Note: these posts are copied over from the ‘mathbucket’ section of my old tumblr blog and I haven’t put much effort into this, so there is likely to be context or formatting missing.
So yesterday I read about DragonBox, a game for learning algebra. I haven’t played it myself yet, just seen some videos, but it looks like you learn the rules by manipulating a bunch of pictures on a touch screen, and only later see the usual symbols and numbers.
Anyway I sent it to my sister, and it sounds like my 7-year-old nephew was happily playing it most of the evening. So that’s nice.
I read about it on Hacker News, and today there are a load of comments there probably duplicating a lot of the content of this one. I can’t be bothered to read them all right now, I’m in a writing mood more than a reading mood.
What interests me about this game is its complete focus on teaching the algorithmic component of algebra – cancelling factors, ‘throwing things over the equals sign’, multiplying both sides, whatever. Algebra as game mechanics. And that’s likely to be a good thing, as games are generally somewhat more fun than algebra classes. Learning the rules by playing around and seeing what happens is likely to be more successful than being told explicitly what the rules are, and being afraid to experiment too much in case you ‘get it wrong’.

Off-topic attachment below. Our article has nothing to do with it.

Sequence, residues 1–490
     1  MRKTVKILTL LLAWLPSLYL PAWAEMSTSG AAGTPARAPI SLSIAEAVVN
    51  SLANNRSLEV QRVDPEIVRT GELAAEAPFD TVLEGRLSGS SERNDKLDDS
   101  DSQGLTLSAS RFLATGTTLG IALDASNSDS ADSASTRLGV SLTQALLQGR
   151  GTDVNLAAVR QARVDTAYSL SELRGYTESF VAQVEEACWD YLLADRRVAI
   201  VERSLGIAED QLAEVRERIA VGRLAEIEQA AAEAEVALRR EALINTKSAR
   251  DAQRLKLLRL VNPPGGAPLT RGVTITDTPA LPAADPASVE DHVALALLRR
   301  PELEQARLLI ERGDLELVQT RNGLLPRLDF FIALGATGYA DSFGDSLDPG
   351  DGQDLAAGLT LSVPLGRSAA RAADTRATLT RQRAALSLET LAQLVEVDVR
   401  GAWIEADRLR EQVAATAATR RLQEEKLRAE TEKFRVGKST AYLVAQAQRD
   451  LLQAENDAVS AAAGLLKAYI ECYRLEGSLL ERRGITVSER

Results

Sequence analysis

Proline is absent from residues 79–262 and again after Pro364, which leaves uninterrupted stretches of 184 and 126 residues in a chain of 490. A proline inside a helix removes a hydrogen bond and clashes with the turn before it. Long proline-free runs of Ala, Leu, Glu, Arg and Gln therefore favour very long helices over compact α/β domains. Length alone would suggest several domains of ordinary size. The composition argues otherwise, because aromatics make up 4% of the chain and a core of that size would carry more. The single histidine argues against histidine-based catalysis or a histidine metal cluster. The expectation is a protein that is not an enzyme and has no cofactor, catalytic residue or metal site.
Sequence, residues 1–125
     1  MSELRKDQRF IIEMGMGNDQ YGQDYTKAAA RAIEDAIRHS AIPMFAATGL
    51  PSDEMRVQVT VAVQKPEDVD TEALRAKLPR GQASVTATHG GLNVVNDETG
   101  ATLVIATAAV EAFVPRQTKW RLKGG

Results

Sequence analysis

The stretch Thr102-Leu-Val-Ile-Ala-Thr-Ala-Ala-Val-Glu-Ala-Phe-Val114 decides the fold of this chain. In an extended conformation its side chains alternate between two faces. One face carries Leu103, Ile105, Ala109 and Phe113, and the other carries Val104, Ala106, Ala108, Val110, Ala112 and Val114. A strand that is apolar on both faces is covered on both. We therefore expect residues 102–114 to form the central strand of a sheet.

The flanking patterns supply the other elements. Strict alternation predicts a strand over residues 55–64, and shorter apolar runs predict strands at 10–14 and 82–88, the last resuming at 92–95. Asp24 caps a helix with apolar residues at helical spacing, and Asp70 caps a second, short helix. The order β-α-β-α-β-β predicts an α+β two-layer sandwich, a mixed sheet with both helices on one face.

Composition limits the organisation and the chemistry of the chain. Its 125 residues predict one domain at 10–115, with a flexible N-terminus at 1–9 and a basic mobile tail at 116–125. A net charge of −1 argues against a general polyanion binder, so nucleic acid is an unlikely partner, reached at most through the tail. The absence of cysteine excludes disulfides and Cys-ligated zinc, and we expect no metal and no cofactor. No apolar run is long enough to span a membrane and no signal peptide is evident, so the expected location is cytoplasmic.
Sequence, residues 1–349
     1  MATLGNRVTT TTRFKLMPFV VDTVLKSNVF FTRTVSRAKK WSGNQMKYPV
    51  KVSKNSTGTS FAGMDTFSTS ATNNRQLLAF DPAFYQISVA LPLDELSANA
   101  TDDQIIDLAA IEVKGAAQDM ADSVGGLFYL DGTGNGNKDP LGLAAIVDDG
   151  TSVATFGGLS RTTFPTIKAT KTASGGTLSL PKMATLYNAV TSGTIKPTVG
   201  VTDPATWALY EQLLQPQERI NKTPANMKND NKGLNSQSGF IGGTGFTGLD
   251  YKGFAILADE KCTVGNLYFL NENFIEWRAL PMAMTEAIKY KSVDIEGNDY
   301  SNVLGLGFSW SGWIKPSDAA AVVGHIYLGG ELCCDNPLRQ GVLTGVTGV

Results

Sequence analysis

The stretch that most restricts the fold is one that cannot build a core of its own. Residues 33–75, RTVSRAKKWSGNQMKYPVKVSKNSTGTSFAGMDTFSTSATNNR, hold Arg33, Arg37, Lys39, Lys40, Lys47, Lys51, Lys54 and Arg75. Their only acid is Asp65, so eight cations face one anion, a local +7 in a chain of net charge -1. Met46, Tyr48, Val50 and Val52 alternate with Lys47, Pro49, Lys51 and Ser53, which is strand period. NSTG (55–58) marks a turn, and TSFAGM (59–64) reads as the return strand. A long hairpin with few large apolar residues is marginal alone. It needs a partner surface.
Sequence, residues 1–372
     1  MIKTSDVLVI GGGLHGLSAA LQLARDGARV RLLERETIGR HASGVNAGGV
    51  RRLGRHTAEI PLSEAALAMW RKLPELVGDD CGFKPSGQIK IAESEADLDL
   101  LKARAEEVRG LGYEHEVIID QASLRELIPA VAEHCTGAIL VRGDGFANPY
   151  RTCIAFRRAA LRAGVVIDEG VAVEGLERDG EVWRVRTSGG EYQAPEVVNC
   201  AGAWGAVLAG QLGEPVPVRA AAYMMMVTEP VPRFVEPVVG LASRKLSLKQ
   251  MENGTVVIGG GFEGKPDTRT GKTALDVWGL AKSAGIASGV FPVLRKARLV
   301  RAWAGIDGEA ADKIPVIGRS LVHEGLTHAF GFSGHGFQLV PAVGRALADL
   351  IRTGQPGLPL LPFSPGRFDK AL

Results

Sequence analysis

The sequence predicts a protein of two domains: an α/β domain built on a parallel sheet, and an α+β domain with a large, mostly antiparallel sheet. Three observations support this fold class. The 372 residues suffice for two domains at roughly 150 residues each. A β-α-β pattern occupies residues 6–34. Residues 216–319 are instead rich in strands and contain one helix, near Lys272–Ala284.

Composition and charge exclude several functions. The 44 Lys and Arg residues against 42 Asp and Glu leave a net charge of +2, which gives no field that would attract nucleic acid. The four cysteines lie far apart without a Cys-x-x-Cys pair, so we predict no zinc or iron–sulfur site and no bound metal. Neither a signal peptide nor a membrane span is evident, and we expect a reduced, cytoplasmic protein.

Of course, the downside is that it’s completely divorced from a conceptual understanding of what you’re doing, and how it relates to the maths you already know. I’ve always been kind of annoyed at how late algebra is taught in schools, and how its separated so distinctly from arithmetic. I feel like a good start on the way to algebra is made right at the beginning of school, where you get those worksheets with the boxes to fill in:
1 + 3 = [ ]
2 + 4 = [ ]
and then for a bit of variety you might get
2 + [ ] = 5
later in the sheet. No big deal. Then somehow later in school the first two examples become ‘arithmetic’ and the third is some abstruse topic called ‘algebra’.
I feel like if it was introduced alongside arithmetic it might be easier to take in. E.g. when you first learn multiplication:
2 * 3 = [ ]
then why not also learn
2 * [ ] = 6 ?
It seems unfair to save all this stuff up for a few years and then intimidate you with the likes of
2 * [ ] + 3 = 7,
under the threatening new title of ‘algebra’, along with an array of confusing new algorithmic techniques for ‘solving’ an equation.
I’m not trying to criticise DragonBox. I think it’s a great idea. I guess what I’m wondering is what DragonBox’s twin looks like. The game that teaches conceptual understanding of algebra divorced from algorithmic understanding, with the same emphasis on playing around and not worrying too much about whether you’re doing the right thing. E.g. in the equation above you could just try some numbers and find that 2 works, or notice that 4 + 3 is 7 and work backwards, or anything else that helps. It would be nice to be able to use a bunch of examples like these to work towards finding a general algorithm for solving the equation, but one you’re using because it makes intuitive sense to you rather than because some teacher or some game told you to do it.